I’m Jen Bergman, a professional runner, a first-time blogger and full-time employee at FlipBelt here to bring you the honest truth about my journey to reach my full potential as a marathoner. Reach my full potential? What does that mean? Hopefully for me it means becoming an Olympian after I compete in the 2020 Marathon Olympic Trials. I realize the stats for becoming an Olympic Athlete are 0.000001%. You have one shot every 4 years to be the very best in your country and then hopefully the world. Luckily this is my second shot. My very first Marathon was the 2016 Olympic Trials where I finished 61st place. That’s 58 spots lower than what you need to make it to the Olympics. So going off of my finish in 2016, that raises my chances to a whopping 1.639% of becoming an Olympian this next time around. However making it to the Olympics isn’t a lottery, it isn’t about percentages and getting lucky, it’s about persistence, hard work and a whole lot of UPS and DOWNS. Anyone that is a runner can relate to the roller-coaster journey of just making it to the dang start line of a goal race.
Running is a funny thing, even though it hurts and it takes up all of your free time and energy, it makes you feel invincible.
I relocated to Boulder, CO three months ago to chase my Olympic Dreams. I found a company to work for that supports my crazy goals and training schedule. In a recent conversation with my co-worker, he asked me “why are you training for the Olympics Trials?”....the answer is obviously “to make the Olympic Team”.....he responded “but why?”. That’s not a question I get asked very often, but I do have an answer because I’ve asked myself the same question 1,000 times. I realize in 10 months when the Olympic Trials come around there’s a high probability it won’t be me headed to Tokyo to compete in the Olympics after the Trials. I could finish 4th place, or 61st place again, or I could be injured. Making it to the start line isn’t guaranteed. So I think my answer to his question is similar to why anyone starts the long and painful journey of finishing a marathon, it’s to reach my full potential. I want to finish the Olympic Trials and be able to say "that was the very best runner I could be on this day", "I gave it everything I had". I try and apply this to everything I do because when I look back, I'll be able to know I gave it my very best, under all circumstances and in all conditions. Then I’ll be so grateful for how far I’ve come, no matter what the outcome. I want to use this experience, passion and motivation to share it with everyone I can.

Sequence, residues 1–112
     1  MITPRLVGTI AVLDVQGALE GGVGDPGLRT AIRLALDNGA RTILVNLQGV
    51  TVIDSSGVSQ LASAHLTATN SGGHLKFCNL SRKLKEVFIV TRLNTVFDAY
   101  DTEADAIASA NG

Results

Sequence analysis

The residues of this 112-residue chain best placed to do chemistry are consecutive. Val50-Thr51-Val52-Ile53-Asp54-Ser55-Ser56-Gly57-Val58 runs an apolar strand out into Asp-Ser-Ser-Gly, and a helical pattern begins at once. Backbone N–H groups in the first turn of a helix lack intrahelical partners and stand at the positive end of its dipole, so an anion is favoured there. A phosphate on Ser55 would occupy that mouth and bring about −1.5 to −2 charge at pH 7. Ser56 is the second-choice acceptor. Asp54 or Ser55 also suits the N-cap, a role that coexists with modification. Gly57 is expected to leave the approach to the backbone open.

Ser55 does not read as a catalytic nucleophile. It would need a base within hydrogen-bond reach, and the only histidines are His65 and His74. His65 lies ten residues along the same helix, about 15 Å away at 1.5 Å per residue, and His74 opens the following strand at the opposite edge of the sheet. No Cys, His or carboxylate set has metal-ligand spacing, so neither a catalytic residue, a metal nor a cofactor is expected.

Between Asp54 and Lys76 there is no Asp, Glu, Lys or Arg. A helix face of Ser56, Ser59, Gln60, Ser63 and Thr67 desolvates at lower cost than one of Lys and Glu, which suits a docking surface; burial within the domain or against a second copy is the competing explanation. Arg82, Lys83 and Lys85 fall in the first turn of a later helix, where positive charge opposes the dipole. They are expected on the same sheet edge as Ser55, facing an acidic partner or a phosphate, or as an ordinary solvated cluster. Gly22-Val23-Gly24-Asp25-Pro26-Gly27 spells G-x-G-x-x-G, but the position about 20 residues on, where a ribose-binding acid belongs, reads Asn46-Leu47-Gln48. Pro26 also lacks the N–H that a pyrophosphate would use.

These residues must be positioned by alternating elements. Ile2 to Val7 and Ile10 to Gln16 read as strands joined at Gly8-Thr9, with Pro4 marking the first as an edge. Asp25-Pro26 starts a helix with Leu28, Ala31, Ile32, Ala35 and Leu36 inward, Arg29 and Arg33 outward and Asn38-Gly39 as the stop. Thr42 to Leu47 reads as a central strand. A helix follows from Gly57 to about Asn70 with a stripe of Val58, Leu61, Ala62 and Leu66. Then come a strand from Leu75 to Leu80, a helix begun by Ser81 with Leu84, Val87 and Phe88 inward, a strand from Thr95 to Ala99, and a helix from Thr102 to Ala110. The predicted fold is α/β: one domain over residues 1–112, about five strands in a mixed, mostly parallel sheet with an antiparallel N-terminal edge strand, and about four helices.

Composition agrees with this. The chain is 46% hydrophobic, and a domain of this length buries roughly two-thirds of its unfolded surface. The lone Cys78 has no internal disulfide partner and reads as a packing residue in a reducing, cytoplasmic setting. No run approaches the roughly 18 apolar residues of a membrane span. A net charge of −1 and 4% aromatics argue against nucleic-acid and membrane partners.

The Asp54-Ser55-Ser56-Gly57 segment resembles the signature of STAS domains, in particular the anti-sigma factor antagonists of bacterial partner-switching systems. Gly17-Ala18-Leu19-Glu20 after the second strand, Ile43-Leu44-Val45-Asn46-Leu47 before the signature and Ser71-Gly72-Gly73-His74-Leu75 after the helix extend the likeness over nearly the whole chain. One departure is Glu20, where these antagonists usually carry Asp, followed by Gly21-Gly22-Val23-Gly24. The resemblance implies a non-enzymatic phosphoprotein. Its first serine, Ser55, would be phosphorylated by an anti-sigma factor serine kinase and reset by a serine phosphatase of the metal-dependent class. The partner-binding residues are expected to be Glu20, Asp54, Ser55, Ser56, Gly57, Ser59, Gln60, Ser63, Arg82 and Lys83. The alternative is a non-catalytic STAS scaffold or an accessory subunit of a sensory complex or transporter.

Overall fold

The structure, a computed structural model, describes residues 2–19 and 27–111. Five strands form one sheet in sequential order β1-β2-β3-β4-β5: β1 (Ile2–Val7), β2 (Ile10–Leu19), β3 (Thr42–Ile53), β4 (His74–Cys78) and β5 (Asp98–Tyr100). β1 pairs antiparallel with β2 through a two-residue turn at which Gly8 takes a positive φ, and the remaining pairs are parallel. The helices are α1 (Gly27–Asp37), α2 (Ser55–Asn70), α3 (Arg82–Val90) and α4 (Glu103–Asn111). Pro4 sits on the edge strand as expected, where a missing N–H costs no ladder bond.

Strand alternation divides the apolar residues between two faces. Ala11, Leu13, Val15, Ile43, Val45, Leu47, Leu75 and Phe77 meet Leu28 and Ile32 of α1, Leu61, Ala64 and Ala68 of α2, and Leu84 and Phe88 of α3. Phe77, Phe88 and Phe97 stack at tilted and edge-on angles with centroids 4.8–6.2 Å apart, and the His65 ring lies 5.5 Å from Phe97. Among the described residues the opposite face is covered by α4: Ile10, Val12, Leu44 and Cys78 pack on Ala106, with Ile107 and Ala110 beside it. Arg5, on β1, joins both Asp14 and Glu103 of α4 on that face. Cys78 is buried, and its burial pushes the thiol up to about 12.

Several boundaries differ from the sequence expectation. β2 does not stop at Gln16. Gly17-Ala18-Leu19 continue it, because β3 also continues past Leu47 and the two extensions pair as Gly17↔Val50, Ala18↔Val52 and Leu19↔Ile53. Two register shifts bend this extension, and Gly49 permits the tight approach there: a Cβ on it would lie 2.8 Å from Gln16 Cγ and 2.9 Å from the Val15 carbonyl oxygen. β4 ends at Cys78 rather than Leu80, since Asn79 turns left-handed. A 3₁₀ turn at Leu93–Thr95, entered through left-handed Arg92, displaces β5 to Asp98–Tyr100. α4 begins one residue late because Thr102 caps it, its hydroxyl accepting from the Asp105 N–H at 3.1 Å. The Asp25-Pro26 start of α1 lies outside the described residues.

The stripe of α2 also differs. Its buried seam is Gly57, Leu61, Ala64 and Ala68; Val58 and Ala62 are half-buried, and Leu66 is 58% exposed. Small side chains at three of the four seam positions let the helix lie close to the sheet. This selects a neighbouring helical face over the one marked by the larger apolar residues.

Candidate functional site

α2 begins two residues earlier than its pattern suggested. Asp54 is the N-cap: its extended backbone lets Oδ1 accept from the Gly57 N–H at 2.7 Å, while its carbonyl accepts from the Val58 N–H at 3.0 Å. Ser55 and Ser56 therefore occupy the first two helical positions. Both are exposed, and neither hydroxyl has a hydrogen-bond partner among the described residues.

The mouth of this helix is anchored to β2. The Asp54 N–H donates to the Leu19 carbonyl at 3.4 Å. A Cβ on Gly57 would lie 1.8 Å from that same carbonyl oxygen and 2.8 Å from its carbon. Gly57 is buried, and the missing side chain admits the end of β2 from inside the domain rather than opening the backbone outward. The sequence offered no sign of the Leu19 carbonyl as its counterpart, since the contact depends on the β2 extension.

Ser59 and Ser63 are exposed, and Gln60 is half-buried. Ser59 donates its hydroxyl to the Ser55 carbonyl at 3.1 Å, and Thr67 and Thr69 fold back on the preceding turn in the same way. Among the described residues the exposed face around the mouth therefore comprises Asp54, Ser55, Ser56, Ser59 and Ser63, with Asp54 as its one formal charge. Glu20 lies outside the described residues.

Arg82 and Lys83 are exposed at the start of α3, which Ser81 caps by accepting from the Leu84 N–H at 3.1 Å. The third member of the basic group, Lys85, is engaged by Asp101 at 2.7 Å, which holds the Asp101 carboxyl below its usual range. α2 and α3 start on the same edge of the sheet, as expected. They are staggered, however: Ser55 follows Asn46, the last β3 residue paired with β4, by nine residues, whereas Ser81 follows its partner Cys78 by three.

My other passion besides a ridiculous amount of running is helping other people do a ridiculous amount of running. Running is addicting, I’ve hooked hundreds of people to it by coaching group fitness classes for three years when I previously lived in Portland, OR. I’ve learned that when someone chases after a goal (literally) they start to realize their potential is higher than they ever imagined, and those people inspire me everyday. When I started coaching I had a client who had never run a full mile in their entire life. They recently finished a full marathon. 'Some runs make you feel defeated, but every run makes you stronger. One run can change your day, but many runs can change your whole life.'
I'm here to share with you why I run, why do you run?